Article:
Tips and Tricks

Tips and Tricks to help keep your home looking beautiful

Looking After it All


Everyday Troubleshooting Tips - Hardwood Floors

Spilled Liquid

Quickly wipe up spills with a dry cloth or paper towel and then spray with wood floor cleaner to clean the surface.

Sticky or Oily Stain, Rubber or Heel Marks

Dampen a cloth with wood floor cleaner then rub the soiled area. Rinse the cloth and wipe the surface thoroughly.

Stubborn Stains

Ink, tar, wax crayon, etc. First, try cleaning the stain using a cloth and a wood floor cleaner. If this doesn’t work, pour a small amount of paint thinner or lighter fluid on a dry cloth. Once you have removed the stain, wipe the surface using a wood floor cleaner to remove any residue.
Surface Scratched Wood or Finish

Small scratches in the urethane finish can be repaired with a touch-up kit. See instructions for minor floorboard repairs.

Deep Scratches

Floorboards damaged by a blow from a heavy object or for any other reason can be easily replaced. See instructions for floorboard replacement.

How to do Minor Floorboard Repairs

You can hide the small holes left by finishing nails with a wood putty.

  1. Fill the hole.
  2. Wipe excess wood putty immediately with a clean cloth and cleaner.
  3. Apply a thin coat of urethane to the surface.
  4. Let dry for about an hour.

Once installation is done, vacuum the floor and clean with cleaner and the specially designed mop.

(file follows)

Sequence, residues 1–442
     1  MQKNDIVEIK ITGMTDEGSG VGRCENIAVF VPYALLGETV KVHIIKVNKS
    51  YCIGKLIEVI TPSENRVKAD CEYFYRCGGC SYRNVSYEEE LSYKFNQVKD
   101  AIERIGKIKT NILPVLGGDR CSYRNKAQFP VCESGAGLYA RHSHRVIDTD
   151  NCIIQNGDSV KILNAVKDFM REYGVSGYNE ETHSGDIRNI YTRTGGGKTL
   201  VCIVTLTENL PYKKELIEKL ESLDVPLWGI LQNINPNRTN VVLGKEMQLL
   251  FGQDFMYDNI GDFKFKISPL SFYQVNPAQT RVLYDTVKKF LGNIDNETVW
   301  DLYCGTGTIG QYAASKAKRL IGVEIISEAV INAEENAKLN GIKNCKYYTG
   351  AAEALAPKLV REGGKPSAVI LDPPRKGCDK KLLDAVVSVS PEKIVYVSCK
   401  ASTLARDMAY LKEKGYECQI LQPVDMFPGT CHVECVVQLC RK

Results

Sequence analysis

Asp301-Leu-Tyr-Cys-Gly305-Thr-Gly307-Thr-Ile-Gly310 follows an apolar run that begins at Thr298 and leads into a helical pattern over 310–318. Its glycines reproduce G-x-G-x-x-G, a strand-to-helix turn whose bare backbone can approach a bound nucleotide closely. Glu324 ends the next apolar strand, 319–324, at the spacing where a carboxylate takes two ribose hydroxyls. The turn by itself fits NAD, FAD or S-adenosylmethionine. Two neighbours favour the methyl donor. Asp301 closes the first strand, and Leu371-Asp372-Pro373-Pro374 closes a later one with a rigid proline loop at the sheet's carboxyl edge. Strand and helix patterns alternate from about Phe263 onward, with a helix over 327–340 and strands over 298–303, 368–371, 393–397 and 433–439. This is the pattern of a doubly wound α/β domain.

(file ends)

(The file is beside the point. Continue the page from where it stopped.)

Preparing the environment

Laying the floor should be the last step of your project. Even before the flooring is delivered, make sure that:

  • Your house is closed, with all doors and windows installed.
  • The foundation is dry (minimum of 60 days) and the basement is heated and well ventilated.
  • The pipes, water tank heaters, dishwashers, and other plumbing accessories are inspected.
  • Concrete, plaster, paint, and the subfloor are completely dry.
  • The heating and ventilation system is working properly.
  • Normal conditions inside your home have been kept at an approximate temperature of 20ºC (70ºF) and a relative humidity between 40% to 55% for at least one week.
  • The floor of the crawl space (if there is one) is completely covered by 6–8 mil black polyethylene film.

Once conditions are right…

Bring the boxed floorboards to the installation site. Open a box to check product species, grade, color, size, and quality. If everything is fine, open the boxes, set them aside, and leave the wood to acclimatize for 72 hours. To avoid any variation in internal wood moisture levels before installation, avoid exposing the boxes to rain or snow. Never store boards in unsuitable locations such as a shed, unheated garage, or basement.

How to Avoid Marking your Floors

The species of wood used to make wood floors offer a high level of compression resistance. However, if pressure exerted on a wood floor is greater than its compression resistance, marking will result. Pressure is determined by an object’s weight and the surface in contact with the floor. The smaller the contact surface for an equivalent weight, the greater the pressure.


Avoid wearing high-heeled shoes on hardwood floors as they can mark the surface. Heel surfaces are so small that the pressure exerted can easily reach 3,500 pounds per square inch. Worn or broken heels can mark flooring even more. Avoid walking on flooring in footwear with cleats or metal-tipped soles.


Glue felt pads to the legs of furniture and chairs to avoid scratching flooring when objects are moved. Periodically examine the pads for wear and replace when needed.

Avoid rolling chairs with casters on the finished surface. Put them on rugs or Plexiglas chair mats. Place floor protectors under narrow casters, or replace them with wide rubber or flexible polyurethane casters. Regularly trim your pets’ claws to prevent scratches and indentations.